Tristan da Cunha – A remote agriculture utopia
Tristan da Cunha, a small remote volcanic island in the south Atlantic ocean, is 2,816 kilometres from the nearest land that is South Africa. South Africans are unaware of the islands existence. With a population of 263 citizens, the island of Tristan da Cunha lives up to its modern Guinness Book of Records title as the world's most isolated community. The island is part of the British territory of Saint Helena and consists of the main island of Tristan da Cunha that measures about eleven kilometers across and has an area of 98 square kilometers and the uninhabited Nightingale Islands, the wildlife reserves of Inaccessible Island and Gough Island.
The Tristan da Cunha Islands were discovered and named by Portuguese admiral Tristao da Cunha en route to the Cape of Good Hope in 1506. Tristan da Cunha was comfortably sitsuated on the ‘maritime motorway’ of the 17th, 18th and early 19th centuries, making it a safe harbour and supply base for ships from all nations. However, explorers ruled out Tristan da Cunha as a possible home due to its rugged mountain landscape, absence of natural harbour, lack of land for agriculture and a harsh climate with heavy rain and high winds at all seasons. It took an extraordinary community of people to settle and thrive in the world's most isolated community.
The British military aboard HMS Falmouth took possesion of the island on 14 August 1816, on behalf of King George III. A base called Fort Malcolm was established to secure the island against French and American ships. A small group, led by Corporal William Glass that consisted of his South African wife Maria, their two children and Devonian stonemasons Samuel Burnell and John Nankivel, chose to settle permanently on Tristan da Cunha. They all signed a voluntary agreement of communal living that included equal shares of stock and stores; equally divided profit; equal shares in paying for buys and that their will be no superiors.
The community grew slowly as some shipwrecked survivors settled permanently. However, only William Glass had a spouse and family. Simon Amm, captain of the Duke of Gloucester, a regular visitor to the island, convinced women from the island of St Helena to accompany him to Tristan da Cunha so that they could meet the bachelors. Amm returned in 1827 with only five volunteers, however by 1832 Tristan had a population of 34 with 6 couples and 22 children.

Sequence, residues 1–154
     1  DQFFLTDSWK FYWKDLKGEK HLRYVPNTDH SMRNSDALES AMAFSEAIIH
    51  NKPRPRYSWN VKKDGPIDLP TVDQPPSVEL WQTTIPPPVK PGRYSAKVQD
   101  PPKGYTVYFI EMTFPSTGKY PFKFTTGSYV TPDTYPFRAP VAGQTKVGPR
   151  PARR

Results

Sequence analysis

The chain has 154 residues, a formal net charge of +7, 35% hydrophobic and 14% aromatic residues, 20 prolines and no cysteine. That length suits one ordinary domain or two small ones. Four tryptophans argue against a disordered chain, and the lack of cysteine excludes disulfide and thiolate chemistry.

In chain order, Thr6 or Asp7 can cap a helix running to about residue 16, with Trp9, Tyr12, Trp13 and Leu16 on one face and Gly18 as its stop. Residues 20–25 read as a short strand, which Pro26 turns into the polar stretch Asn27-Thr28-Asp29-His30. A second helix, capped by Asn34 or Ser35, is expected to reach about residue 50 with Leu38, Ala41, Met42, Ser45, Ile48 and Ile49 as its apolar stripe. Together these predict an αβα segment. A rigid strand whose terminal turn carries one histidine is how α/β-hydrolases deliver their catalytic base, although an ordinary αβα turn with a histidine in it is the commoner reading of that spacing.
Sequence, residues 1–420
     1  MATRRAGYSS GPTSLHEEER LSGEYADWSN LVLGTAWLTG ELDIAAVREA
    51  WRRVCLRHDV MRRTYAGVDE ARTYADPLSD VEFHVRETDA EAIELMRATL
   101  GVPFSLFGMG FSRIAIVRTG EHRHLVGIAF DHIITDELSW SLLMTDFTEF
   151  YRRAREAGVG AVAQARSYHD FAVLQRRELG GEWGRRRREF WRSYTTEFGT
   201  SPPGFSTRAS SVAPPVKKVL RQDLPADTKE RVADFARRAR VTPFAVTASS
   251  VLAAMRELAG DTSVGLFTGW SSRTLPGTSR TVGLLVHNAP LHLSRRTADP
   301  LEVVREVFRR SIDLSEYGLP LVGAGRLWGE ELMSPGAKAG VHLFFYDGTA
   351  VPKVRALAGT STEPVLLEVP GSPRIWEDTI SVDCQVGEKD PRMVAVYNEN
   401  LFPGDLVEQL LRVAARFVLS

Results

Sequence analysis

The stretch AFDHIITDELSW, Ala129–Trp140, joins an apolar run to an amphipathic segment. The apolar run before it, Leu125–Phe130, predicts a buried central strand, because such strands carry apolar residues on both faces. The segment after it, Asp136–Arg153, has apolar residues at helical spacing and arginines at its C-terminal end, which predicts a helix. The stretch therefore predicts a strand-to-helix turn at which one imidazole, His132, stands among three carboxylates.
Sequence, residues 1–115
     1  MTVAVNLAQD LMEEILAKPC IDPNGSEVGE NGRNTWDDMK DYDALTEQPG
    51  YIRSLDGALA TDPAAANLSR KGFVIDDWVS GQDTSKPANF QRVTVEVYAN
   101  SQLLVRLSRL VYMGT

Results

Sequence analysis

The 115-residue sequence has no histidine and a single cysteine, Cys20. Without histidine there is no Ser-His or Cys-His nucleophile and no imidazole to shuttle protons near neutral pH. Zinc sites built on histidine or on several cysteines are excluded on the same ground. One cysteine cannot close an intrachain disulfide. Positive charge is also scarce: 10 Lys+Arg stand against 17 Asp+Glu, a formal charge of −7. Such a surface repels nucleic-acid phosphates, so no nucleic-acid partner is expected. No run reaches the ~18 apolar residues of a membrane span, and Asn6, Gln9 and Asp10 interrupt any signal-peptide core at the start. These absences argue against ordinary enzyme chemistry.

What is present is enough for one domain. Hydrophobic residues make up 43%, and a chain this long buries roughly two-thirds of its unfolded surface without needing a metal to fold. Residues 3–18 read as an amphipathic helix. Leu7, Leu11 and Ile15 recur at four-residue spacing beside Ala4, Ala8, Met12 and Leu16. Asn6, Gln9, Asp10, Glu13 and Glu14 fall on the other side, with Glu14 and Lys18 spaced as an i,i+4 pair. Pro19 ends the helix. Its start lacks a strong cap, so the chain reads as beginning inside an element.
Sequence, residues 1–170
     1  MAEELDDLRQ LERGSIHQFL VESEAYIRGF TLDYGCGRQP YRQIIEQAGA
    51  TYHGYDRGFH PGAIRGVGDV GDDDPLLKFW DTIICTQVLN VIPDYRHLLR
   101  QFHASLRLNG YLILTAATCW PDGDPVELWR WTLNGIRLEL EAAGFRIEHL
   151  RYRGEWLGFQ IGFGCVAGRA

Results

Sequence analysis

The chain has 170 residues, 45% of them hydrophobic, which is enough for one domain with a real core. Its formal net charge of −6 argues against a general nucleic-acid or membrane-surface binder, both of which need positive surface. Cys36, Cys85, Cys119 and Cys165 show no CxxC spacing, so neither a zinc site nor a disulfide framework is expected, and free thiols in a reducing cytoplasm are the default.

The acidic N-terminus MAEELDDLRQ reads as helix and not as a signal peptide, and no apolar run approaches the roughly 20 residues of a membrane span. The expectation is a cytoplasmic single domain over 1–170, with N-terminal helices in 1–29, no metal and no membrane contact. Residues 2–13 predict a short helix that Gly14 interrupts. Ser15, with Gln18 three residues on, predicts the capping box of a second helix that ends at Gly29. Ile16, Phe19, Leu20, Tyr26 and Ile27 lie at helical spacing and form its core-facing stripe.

Crucial world events led to the isolation of the island. The Civil War curtailed the already declining whaling industry, whose ships had often called on Tristan for supplies. The Suez Canal's opening in 1869 gave a safer and much quicker passage to Far East, avoiding the perils of the South Atlantic and Cape of Good Hope. The community of Tristan da Cunha had no other option but to rely on traditional farming and fishing for food.
All of Tristan da Cunha's citizens are farmers. Each family owns their own stock and potato patch and live in houses built by themselves or by their ancestors. All land is communally owned, and stock numbers are strictly controlled to conserve pasture and to prevent some families of accumulating wealth. Each household can only own two cows that are all crosses served by a Hereford and a Welsh Black Cross bull.
Tristan's steep mountain slopes are an ideal habitat for sheep who thrive particularly on lush mountain pastures. There are over 600 mountain sheep on the island that is managed by teams of Islanders known as 'gangs'. The gangs laboriously lead their stock up one of three mountain paths. Mountain sheep are the main ingredient for Tristan’s famous stuffed roast mutton. Around 1000 low land sheep graze the plains of Tristan. Sheep stock is limited to seven per household or three for a single householder. Sheep are more efficient grazers on the plains than cattle as they are able to consume short grass and are more mobile on the sheer slopes. Families also keep large quantities of poultry around the settlements and there are also some ducks and geese, reared for meat. Any other livestock is limited since they consume valuable grass.
The Crawfish or Tristan Rock Lobster (Jasus tristani) is found in abundance around the islands and has been exploited commercially since the first canning factory was built in 1949, however the factory was destroyed by the 1961 volcanic eruption. A new factory, incorporating freezing technology, was built after the islanders returned in 1963 and has been the mainstay of the island's economy. The crawfish, marketed as Tristan Lobster, are processed and frozen into three main products: lobster tails, whole raw and whole cooked lobster. Other foreign earnings come from the sale of postage stamps and coins, especially to philatelists and collectors worldwide. Factory oil-driven generators produce electricity to meet the demands of all the facilities on the island.
No new residents are allowed to settle on the island, however the island has a small tourist industry. Amongst the residents, there are 80 families, and just 7 surnames: Glass, Green, Hagan, Lavarello, Repetto, Rogers and Swain. Currently the only method of traveling to Tristan Da Cunha is via a boat from Cape Town. Tristan Da Cunha might only be a speck on the world map, however the Agriculture Utopia proofs to the world that living in harmony with each other and nature is possible.
THE WEIRDEST ISLAND IN THE WORLD